Was this a lover, or a lecher whether?
Bad in the best, though excellent in neither.
If music and sweet poetry agree,
Then must the love be great 'twixt thee and me,
As they must needs, the sister and the brother,
Because thou lov'st the one, and I the other.
Dowland to thee is dear, whose heavenly touch
Upon the lute doth ravish human sense;
Spenser to me, whose deep conceit is such,
As, passing all conceit, needs no defence.
Thou lov'st to hear the sweet melodious sound
That Phoebus' lute, the queen of music, makes;
And I in deep delight am chiefly drown'd,
Whenas himself to singing he betakes.
One god is god of both, as poets feign;
One knight loves both, and both in thee remain.
Ah, that I had my lady at this bay,
To kiss and clip me till I run away!
Crabbed age and youth
Cannot live together:
Youth is full of pleasance,
Age is full of care;
Youth like summer morn,
Age like winter weather;
Youth like summer brave,
Age like winter bare.
Youth is full of sport,
Age's breath is short;
Youth is nimble, age is lame;
Youth is hot and bold,
Age is weak and cold ;
Youth is wild, and age is tame.
Age, I do abhor thee,
Youth, I do adore thee;
O, my love, my love is young
Age, I do defy thee:-
O, sweet shepherd, hie thee!
For methinks thou stay'st too long.
Beauty is but a vain and doubtful good, A shining gloss that fadeth suddenly;
As well as well might be,
Till looking on an Englishman,
The fair'st that eye could see,
Her fancy fell a-turning.
Long was the combat doubtfui
That love with love did fight,
To leave the master loveless,
Or kill the gallant knight:
To put in practice either,
Alas, it was a spite
Unto the silly damsel !
But one must be refused;
More mickle was the pain,
That nothing could be used
To turn them both to gain,
For of the two the trusty knight
Was wounded with disdain :
Alas, she could not help it!
Thus art, with arms contending,
Was victor of the day,
Which by a gift of learning
Did bear the maid away:
Then, lullaby, the learned man
Hath got the lady gay;
For now my song is ended.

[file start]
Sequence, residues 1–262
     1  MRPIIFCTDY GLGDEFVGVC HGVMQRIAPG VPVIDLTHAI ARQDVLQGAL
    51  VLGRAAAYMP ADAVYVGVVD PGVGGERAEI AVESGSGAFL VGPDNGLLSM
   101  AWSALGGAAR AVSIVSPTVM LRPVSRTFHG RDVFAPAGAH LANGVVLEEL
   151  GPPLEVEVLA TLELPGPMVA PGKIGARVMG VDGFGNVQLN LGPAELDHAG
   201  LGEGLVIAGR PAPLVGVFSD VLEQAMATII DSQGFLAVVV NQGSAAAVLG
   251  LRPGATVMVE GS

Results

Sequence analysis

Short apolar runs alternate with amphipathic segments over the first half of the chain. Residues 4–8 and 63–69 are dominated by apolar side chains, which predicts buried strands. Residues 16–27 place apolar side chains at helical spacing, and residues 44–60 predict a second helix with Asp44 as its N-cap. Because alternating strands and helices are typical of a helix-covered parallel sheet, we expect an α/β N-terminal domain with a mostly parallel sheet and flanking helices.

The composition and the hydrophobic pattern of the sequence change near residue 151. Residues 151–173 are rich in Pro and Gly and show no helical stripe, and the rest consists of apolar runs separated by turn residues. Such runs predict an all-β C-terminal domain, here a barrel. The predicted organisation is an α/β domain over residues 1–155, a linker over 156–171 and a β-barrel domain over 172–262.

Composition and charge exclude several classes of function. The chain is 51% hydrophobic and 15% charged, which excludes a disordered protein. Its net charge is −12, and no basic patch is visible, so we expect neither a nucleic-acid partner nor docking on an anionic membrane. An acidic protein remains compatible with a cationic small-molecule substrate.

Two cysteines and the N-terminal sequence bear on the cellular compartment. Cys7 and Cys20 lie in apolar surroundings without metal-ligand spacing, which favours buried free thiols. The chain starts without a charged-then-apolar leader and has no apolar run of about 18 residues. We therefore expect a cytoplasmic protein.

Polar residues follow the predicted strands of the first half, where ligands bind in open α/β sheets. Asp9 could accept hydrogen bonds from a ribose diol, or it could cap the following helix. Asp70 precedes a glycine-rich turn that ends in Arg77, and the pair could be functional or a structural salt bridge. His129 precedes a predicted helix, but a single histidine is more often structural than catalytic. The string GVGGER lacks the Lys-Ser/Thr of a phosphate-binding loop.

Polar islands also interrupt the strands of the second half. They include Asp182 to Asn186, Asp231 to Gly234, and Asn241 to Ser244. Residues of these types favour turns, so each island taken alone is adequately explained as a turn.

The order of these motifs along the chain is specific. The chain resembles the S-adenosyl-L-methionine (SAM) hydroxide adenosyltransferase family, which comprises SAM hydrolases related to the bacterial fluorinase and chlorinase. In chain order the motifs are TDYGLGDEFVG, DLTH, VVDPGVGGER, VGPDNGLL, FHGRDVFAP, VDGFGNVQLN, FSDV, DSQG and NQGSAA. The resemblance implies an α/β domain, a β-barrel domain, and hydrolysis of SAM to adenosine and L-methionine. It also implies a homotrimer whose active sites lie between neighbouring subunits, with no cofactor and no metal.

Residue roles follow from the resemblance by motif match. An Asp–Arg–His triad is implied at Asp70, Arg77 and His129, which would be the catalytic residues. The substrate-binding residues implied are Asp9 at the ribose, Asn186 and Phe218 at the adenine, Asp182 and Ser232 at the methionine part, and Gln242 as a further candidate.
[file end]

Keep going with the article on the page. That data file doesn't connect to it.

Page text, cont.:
On a day (alack the day !),
Love, whose month was ever May,
Spy'd a blossom passing fair,
Playing in the wanton air:
Through the velvet leaves the wind,
All unseen, 'gan passage find;
That the lover, sick to death,
Wish'd himself the heaven's breath.
"Air," quoth he, "thy cheeks may blow; Air, would I might triumph so!
But, alas, my hand hath sworn
Ne'er to pluck thee from thy thorn!
Vow, alack, for youth unmeet,
Youth so apt to pluck a sweet.
Thou for whom Jove would swear
Juno but an Ethiope were ;
And deny himself for Jove,
Turning mortal for thy love."
My flocks feed not, My ewes breed not, My rams speed not, All is amiss: Love's denying, Faith's defying, Heart's renying,
Causer of this.
All my merry jigs are quite forgot,
All my lady's love is lost, God wot:
Where her faith was firmly fix'd in love,
There a nay is plac'd without remove.
One silly cross
Wrought all my loss;
O, frowning Fortune, cursed, fickle dame! For now I see,
For a sweet content, the cause of all my moan: Poor Coridon
Other help for him I see that there is none.
Whenas thine eye hath chose the dame,
And stall'd the deer that thou shouldst strike,
Let reason rule things worthy blame,
As well as fancy partial might:
Take counsel of some wiser head,
Neither too young, nor yet unwed.
And when thou com'st thy tale to tell,
Smooth not thy tongue with filed talk,
Lest she some subtle practice smell,—
A cripple soon can find a halt ;-
But plainly say thou lov'st her well,
And set thy person forth to sell.
What though her frowning brows be bent,
Her cloudy looks will clear ere night;
And then too late she will repent,
That thus dissembled her delight;
And twice desire, ere it be day,
That which with scorn she put away.